Contrary to what you might read online, hybrid work isn’t new, especially in tech. What’s new is the scale of the current hybrid work experiment.
The COVID-19 pandemic accelerated many trends, including the move to flexible working models like remote and hybrid.
Now, many companies are all-in on the experiment. For example, Amazon, Apple, and Google have all announced some type of hybrid work policies for 2022.
The problem is, no one has really done that on a global scale, so we have little idea how everything will turn out. Even companies that say hybrid is the future haven’t started building their new workplace model.
While there’s still much uncertainty, most leaders agree that a successful transition to hybrid begins at the core of the company – its people.
(This article is based on one of the talks from our FlexWorld event, featuring Mark Gilbreath, CEO & Founder of LiquidSpace – Melissa Ansley, Head of Occupier Solutions at JLL Flex, and Ivan Guberkov – VP of Sales at OfficeRnD)
There’s a great quote from Andy Jassy (Amazon’s CEO) in his company’s hybrid work announcement:
“First, none of us know the definitive answers to these (hybrid work) questions, especially long term. Second, at a company of our size, there is no one-size-fits-all approach for how every team works best. And third, we’re going to be in a stage of experimenting, learning, and adjusting for a while as we emerge from this pandemic. All of this led us to change course a bit.”
In other words, even one of the most successful companies in the world doesn’t have the answers. Don’t worry if you don’t have them yet, either.
Even with all the unknowns, the common thread we can find in all hybrid work talks, strategies, and announcements are people. Put simply, the first step towards changing the way you work is to talk to your teams and understand the challenges they’re facing. After all, this whole experiment is about keeping people happy, engaged, and productive.
This process can be uncomfortable, as many companies are seeing that different teams have various requirements regarding the way they work. At the individual level, there’s even more variety.
Again, there’s no one size fits all approach here. However, this difficult process of understanding what people want and need is the only way to get organized around a successful strategy.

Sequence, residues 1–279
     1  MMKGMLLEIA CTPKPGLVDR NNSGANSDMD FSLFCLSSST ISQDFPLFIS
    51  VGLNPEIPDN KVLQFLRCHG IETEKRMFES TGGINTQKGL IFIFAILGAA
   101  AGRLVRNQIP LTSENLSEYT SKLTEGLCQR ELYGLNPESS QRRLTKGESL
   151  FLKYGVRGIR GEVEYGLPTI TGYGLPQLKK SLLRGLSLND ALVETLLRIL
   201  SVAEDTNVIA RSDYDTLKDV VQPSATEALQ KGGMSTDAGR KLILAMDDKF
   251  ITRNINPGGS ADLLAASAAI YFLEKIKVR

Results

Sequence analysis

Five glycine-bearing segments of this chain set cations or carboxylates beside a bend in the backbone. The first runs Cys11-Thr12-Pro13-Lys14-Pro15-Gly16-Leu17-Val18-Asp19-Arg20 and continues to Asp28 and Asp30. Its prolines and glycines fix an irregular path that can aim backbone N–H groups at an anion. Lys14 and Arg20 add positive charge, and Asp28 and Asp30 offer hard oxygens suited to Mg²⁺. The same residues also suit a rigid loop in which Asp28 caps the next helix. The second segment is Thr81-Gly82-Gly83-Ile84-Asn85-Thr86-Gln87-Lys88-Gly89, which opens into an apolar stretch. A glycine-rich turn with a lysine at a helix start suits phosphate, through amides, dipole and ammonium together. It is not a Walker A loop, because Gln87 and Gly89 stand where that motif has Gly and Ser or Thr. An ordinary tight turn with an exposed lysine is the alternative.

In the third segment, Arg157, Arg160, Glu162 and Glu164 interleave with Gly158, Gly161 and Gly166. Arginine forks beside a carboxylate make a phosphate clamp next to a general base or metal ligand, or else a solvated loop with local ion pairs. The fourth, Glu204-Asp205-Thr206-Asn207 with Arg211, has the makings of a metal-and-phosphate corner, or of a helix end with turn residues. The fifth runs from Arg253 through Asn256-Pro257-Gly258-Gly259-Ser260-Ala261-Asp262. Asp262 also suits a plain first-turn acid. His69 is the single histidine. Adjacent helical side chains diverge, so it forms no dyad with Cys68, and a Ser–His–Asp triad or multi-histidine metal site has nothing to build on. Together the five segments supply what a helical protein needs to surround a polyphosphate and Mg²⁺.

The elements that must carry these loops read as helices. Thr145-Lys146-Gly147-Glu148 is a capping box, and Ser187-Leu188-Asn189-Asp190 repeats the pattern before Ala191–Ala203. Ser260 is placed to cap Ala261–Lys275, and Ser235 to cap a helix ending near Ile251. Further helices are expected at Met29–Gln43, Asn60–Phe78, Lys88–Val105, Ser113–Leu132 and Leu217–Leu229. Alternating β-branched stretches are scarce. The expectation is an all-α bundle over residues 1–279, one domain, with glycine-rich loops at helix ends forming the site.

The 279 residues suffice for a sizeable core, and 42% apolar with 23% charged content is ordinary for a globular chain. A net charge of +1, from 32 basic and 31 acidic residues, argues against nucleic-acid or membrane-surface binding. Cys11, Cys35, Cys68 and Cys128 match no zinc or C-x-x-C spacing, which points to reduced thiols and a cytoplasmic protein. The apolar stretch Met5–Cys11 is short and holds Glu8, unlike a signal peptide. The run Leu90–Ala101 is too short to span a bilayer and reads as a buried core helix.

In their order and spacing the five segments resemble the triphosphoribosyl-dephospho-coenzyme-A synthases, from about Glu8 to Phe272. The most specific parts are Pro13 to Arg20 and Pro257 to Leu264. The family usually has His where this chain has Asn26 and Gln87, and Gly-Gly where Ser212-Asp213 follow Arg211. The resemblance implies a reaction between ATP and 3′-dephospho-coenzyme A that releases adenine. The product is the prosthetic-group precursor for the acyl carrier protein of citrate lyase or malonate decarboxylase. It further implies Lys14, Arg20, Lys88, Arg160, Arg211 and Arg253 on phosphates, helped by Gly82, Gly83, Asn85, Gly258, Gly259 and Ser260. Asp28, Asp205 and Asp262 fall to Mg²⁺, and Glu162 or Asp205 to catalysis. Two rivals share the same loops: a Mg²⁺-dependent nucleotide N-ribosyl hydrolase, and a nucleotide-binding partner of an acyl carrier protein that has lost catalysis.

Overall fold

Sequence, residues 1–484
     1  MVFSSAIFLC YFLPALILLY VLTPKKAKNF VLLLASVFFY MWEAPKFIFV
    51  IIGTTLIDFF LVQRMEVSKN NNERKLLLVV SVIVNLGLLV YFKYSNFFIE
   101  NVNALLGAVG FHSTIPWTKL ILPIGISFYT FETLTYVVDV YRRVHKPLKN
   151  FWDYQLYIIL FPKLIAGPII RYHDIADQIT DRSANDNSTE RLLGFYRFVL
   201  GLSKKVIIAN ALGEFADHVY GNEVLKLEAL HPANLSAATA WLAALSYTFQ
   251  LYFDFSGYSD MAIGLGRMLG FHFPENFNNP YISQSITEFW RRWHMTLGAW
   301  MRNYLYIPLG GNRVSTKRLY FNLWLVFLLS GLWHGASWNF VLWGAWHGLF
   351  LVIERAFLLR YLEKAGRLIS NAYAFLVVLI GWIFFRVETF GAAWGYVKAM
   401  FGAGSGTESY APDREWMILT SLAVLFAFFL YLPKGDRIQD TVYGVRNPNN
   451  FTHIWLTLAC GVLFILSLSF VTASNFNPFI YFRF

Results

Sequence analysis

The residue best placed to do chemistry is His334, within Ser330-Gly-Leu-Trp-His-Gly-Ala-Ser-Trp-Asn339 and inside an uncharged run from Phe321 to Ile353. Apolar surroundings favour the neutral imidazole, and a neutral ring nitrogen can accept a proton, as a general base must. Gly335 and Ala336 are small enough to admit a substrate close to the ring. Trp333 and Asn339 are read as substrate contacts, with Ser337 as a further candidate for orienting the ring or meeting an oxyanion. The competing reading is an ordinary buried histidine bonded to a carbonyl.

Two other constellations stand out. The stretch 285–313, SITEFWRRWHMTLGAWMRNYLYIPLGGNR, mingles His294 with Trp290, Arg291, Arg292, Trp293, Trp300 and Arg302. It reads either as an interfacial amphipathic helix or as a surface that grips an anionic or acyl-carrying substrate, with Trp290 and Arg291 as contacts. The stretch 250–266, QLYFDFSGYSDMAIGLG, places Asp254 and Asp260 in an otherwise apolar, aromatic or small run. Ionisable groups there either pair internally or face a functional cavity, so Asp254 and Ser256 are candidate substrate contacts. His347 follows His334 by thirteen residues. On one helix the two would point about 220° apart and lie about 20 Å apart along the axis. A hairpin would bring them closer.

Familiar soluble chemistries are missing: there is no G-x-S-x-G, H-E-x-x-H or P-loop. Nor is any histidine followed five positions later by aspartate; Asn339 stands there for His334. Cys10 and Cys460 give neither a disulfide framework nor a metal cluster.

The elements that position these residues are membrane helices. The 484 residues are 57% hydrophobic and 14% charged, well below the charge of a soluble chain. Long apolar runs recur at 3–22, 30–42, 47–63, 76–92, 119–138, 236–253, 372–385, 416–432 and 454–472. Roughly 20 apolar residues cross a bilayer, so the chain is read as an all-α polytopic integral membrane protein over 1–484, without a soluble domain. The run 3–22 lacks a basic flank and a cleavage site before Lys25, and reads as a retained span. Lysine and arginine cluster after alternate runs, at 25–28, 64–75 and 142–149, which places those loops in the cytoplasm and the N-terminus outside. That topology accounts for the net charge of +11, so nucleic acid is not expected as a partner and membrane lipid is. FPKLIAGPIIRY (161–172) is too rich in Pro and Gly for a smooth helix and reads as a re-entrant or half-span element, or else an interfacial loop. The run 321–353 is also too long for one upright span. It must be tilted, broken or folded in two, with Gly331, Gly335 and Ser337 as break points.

Once you have a strategy, you can start building your frameworks, policies, and other practical rules. However, keep in mind that merely offering the option to embrace flexible working won’t change much.
“Now it (hybrid work) is becoming the norm but we still need to make sure the foundation is there for our workforce to understand why it’s happening, what are the benefits and how do we make it easy for them to utilize these spaces. That’s where technology comes in” – Melissa Ansley, Head of Occupier Solutions at JLL Flex
Put simply, we first need to organize and communicate on a personal and team level. Only then should we think about making the transition as easy as possible via technology.
Technology can either make or break the hybrid work experiment.
Technology shines when it makes tedious or repetitive tasks easy, or even unnoticeable. When it doesn’t reduce friction, or worse – when it introduces it, technology stops serving you and becomes a form of debt.
An example of this issue occurs when managing a hybrid workplace via spreadsheets and calendars. Granted, you can probably do so, but it involves so much manual and repetitive work that the benefits of going hybrid are almost instantly counteracted by the stress of managing the whole thing.
“We’re going to have to create a simple and easy experience to tap into it (flexible work), but we’re going to also have to nurture these people back through another behavior change after they went through a violent one 18 months ago when they had to go home” – Mark Gilbreath, CEO & Founder of LiquidSpace
The smart way to approach this issue is with a simple and powerful hybrid workplace solution. That’s why we built OfficeRnD Hybrid – to help you easily manage the most important parts of your hybrid workspace.
Now, the specific technology you’ll need depends on many factors, including your company’s size, team structure, and work policy. However, there are three must-have features that pretty much every business needs:
Again, the specific choice really depends on your business’ needs, but if you want to get into more details, check out OfficeRnD Hybrid.
Lastly, remember that technology puts even more choice in the hands of individuals, instead of the company.
“We should trust that even though they’ve all settled into working at home and hacking out collaboration and bonding over zoom, many of them yearn for a quieter place to concentrate that might be the co-working space down the street, to have that collaboration session together, they want to jam together, they want to have that intensity” – Mark Gilbreath, CEO & Founder of LiquidSpace
In short, put the tech in the hands of employees, make it easy to book a desk, and trust them.
Today, the only advice that applies to most companies is to experiment and be open to change. That’s how we find out what works and what doesn’t.
Over the next year or two, we’ll learn a lot more about hybrid work. Until then, the best we can do is to try and understand what makes people happy and productive, craft a strategy and framework that works for them and the company, and implement it with the help of technology.
If you want more details on this topic, check out the full talk on transitioning to hybrid work from our FlexWorld event.
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